1. Introduction.

2. Commodity Spaces.

2.1. Order Properties. Free Disposal.

2.2 Topological Properties. Metric Spaces. Continuity. Compactness, Product Spaces, and the Tychonoff. Theorem. Connectedness.

2.3. Linear Topologies. Order Convergence. Contraction Mapping Theorems.

3. Commodity Price Dualities.

3.1. Duals and Hyperplanes.

3.2. Hahn-Banach Theorems.

3.3. Dual Pairs and Weak Topologies.

3.4. Order Duals.

4. Conclusion.

Part III: Representation of Recursive Preferences:.

1. Introduction.

2. Preference Orders and Utility Theory.

3. Recursive Utility: The Koopmans Axioms.

3.1. The Axioms.

3.2. Biconvergence.

3.3. Recursive Preferences and Myopia.

4. Impatience, Discounting and Myopia.

4.1. Impatience and Time Perspective.

4.2. Myopia and the Continuity Axiom.

4.3. The Norm of Marginal Impatience Conditions.

5. Recursive Utility: The Aggregator.

5.1. Basic Properties of the Aggregator.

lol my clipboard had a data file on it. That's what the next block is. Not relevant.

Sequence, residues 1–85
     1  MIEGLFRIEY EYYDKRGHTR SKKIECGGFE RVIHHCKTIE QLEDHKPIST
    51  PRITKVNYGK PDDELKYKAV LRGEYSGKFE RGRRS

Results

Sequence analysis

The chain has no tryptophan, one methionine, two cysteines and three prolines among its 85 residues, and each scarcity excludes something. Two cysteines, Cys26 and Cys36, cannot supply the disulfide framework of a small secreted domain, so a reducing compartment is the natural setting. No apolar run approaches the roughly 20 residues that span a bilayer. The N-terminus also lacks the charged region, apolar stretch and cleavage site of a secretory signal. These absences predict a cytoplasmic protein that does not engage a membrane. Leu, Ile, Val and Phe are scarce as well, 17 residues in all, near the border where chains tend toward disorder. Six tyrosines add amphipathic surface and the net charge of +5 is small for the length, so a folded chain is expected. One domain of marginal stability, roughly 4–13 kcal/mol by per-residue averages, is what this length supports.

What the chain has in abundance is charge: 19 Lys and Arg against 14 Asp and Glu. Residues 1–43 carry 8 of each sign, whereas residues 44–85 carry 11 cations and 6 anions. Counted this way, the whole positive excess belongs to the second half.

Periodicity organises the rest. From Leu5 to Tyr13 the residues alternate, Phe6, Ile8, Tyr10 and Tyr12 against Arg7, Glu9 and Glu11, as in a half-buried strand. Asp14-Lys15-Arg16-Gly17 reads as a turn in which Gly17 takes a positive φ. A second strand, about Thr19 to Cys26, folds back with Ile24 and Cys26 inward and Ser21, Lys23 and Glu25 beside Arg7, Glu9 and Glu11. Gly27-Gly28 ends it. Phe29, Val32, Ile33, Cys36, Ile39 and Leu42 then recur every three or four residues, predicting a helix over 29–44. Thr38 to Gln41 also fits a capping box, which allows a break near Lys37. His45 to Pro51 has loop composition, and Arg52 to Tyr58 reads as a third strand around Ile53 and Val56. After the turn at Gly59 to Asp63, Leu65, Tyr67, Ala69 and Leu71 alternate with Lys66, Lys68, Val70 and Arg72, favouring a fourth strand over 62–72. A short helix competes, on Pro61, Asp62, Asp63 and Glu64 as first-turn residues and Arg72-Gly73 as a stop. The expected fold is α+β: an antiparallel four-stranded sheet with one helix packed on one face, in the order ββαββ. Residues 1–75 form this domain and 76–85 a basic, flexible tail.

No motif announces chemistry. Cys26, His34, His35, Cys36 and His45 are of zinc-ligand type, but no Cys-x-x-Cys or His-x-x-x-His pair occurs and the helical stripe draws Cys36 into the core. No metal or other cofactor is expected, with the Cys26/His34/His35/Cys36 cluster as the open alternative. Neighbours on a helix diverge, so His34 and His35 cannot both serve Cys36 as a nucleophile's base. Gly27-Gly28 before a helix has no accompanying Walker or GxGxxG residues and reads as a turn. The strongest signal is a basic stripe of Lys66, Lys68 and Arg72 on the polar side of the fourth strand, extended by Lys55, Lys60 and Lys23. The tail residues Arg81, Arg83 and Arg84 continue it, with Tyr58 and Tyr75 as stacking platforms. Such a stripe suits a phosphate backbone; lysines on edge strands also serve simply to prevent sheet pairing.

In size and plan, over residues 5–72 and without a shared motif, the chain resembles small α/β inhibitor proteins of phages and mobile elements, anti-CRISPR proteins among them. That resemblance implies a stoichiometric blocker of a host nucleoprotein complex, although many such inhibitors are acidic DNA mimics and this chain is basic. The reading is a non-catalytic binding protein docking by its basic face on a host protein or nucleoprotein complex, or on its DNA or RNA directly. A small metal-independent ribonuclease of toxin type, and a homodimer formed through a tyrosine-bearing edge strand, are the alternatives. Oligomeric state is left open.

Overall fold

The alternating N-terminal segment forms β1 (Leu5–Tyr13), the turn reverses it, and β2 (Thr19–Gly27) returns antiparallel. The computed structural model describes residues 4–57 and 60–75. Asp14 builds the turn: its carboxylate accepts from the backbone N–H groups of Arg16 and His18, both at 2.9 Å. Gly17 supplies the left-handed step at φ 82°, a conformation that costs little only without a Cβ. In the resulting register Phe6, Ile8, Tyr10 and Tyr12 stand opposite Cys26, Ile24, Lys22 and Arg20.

5.2. The Existence of Recursive Utility.

5.3. Aggregators Bounded From Below.

5.4. Unbounded Aggregators.

6. Conclusion.

Part IV: Existence and Characterization of Optimal Paths:.

1. Introduction.

2. Fundamentals of Existence Theory.

2.1. A Simple Capital Accumulation Model.

2.2. The Weierstrass Theorem.

2.3. One-Sector TAS Existence Theory.

2.4. Extended Utilitarianism.

3. Multisector Capital Accumulation Model.

3.1. The von Neumann and Malinvaud Models.

3.2. The Feasible Correspondence.

4. The Existence and Sensitivity of Optimal Paths.

4.1. The Maximum Theorem.

4.2. Optimal Paths.